However, on the other hand, there is life after divorce. And our religion does allow it, if it delivers the most justice. I thought it was my duty as an older woman to assure them that marriage is not a trap, that their line of thinking was justified.

View of a barren rock ridge alongside the wadi of Misfat al Abriyyin
Accepting fault lines

Social transitions: Marrying a convert

Emboldened by the permissive audience, Em ventured another controversial thought. Maybe, I might even marry a foreigner. If he becomes a Muslim, of course.

But Kay had misgivings about how practical that would be, in their society. The foreigner would not know enough to fit in. How would he fulfil his responsibilities without a clan**?

But it’s not wrong. Em insisted.

And the idealist in Kay acknowledged that indeed, theoretically, there was nothing wrong with it. A Muslim is a Muslim; we would share the same values. Surely, it would all sort out, they agreed, with the naivety of young maidens reared within the religion.

Despite a wide interest in world history and geography, and taking pains to understand other cultures, I was still naive like that, once.

This could be a plausible thing to happen for one of them, I thought to myself. I should probably give them a heads-up on what it entails, should they make such a choice. So I intervened a second time, and told them that I’d done it myself. I married a convert. The girls were even more excited over their surprising companion.

Converting to Islam is especially difficult in an Islamophobic era

Learning the religion itself can be as easy as you can manage, for sure. But the psychological barriers, and the social cost, can be extremely high in an era when Islamophobic media content is pervasive.

The fear of losing one’s friends, or family. Sometimes both. Social expulsion from your birth culture.

And that’s not even counting, having to confront addictions that may be normalised in the birth culture.

The Muslim community severely underestimates the cost of hijrah, of migration, for the convert. We don’t understand how daunting it is to learn how to be in a society, all over again.

Yes, much of the fears are imaginary. And sure, it’s often the case that the experience leads you to discover your real friends. And better friends often replace the others, in the end.

But you don’t know that, at the beginning.

Some cultures make certain habits which are forbidden to us, as an inseparable part of their national identity, or of male identity. So, sometimes they can’t really make progress on their Muslim identity, until they finish re-interpreting what it means to be male, or from their culture, for themselves.

We build identity through long years of adolescence. Re-making it would not be an overnight thing.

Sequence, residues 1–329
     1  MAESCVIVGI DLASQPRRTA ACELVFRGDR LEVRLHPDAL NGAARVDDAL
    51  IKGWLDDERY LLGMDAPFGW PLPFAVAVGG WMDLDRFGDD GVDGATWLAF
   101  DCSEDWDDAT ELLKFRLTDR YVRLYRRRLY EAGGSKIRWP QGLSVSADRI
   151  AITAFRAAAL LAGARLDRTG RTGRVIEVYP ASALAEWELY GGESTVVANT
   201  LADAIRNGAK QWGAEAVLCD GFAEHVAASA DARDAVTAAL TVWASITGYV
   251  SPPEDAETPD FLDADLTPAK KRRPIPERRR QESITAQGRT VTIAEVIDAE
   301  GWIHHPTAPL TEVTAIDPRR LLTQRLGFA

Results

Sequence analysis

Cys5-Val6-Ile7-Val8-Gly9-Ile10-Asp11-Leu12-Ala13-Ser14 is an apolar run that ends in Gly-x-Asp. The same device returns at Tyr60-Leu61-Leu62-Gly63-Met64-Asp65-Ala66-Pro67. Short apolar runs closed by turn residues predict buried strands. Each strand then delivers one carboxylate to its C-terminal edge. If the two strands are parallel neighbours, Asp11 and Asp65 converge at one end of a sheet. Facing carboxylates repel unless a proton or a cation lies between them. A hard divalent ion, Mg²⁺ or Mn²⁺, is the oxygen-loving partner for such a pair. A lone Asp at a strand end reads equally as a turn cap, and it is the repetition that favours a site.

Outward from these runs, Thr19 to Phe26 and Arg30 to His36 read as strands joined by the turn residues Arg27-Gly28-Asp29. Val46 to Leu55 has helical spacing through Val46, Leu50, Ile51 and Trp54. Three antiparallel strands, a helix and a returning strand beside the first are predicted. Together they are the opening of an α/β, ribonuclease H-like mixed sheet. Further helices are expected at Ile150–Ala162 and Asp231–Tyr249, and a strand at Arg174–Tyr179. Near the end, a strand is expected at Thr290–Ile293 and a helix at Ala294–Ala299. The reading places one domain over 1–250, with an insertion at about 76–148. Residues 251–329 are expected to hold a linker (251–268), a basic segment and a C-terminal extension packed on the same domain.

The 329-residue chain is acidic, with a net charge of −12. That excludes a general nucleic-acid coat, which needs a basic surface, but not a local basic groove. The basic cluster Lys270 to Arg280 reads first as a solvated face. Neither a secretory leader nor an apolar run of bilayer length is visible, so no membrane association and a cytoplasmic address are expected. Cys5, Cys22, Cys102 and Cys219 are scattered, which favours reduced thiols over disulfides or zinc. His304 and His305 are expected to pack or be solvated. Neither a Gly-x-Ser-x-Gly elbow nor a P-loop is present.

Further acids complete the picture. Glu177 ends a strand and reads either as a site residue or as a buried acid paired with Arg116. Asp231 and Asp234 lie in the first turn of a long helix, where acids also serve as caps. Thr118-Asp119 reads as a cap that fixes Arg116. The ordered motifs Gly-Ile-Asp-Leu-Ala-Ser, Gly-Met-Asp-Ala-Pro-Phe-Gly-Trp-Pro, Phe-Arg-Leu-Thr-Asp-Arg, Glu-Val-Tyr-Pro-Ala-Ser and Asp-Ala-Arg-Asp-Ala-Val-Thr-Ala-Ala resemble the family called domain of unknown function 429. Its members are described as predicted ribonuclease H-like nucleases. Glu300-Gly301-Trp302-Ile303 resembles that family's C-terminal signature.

I hope that I left two young women better prepared for the possibility. It takes a lot of love to marry a convert, more than you can imagine at the beginning.

Mountain range in the background along Oman highway
A challenging path

Social transitions: Marrying across clans

Kay turned the conversation towards something she clearly felt strongly about: marriage as the final social barrier between ‘respectable’ and ‘less respectable’ clans. And when Kay decides to express her thoughts, there’s a lot of it. This was when I learned about Omani clan social structures.

In my visits to Oman, I have been surprised over how diverse it seemed to be. Of course, Oman was not as diverse as my own country. But, even without counting the foreign workers, it was more diverse than I expected. Aware of the clan social structure of Arabs, I wondered how far Omani egalitarianism extended, and whether it was recent.

I knew it did not extend everywhere. For instance, there are different outcomes when you send a South Asian or a Brit to see a government official. But between Omanis themselves, was there a hierarchy, and how much inequality remains in practice?

Clan hierarchy in Oman and what it means for marriage

Omani society is based on the clan, with a ‘city society’ only present in a transient sense in Muscat.

Between the main clans of Oman, there is a mild social distinction between the original Arab clans of Oman, and the newer clans of Indian origin. The former are considered more respectable due to being native. However, a much stronger distinction is drawn against descendants of former slaves, gypsies***, and the clanless.

It’s not very obvious, on the surface. But it is very obvious, when it comes to marriage.

A marriage between a girl from a ‘respectable’ clan and a boy from a ‘less respectable’ clan is all but impossible. (The opposite is more tolerable.) It was a reality that the two girls found deeply offensive. “In Islam, there is not supposed to be racism,” said Kay. Em agreed energetically. “Parents should allow it!”

This time, it was Chian who intervened. “Maybe parents are thinking about the future difficulties,” she counselled. “They want the best for their children.”

Em’s face set into stubborn lines, but Kay’s softened. Her own parents were not racist, she admitted to herself. Only protective, because of the reality that the children of such marriages will have less access to social opportunities.

Rocky shoreline near Bimmah sinkhole
Unequal ground

Worst case scenario of being clanless

“You know, there is still slavery,” Kay confided, deeply disapproving again. Surprised, I waited to hear what the loophole was. I had thought that Oman was a free society.

It was kidnapping.

Apparently, a slave trade exists that traffics in kidnapped children. Having been taken from their families, their clan status becomes unknown. So they have no grounds for citizenship.

“For all you know, a kidnapped child might have been taken from the most respected clan. Sometimes you can see it on their face. But because they were kidnapped, their lives are ruined. It’s not their fault!”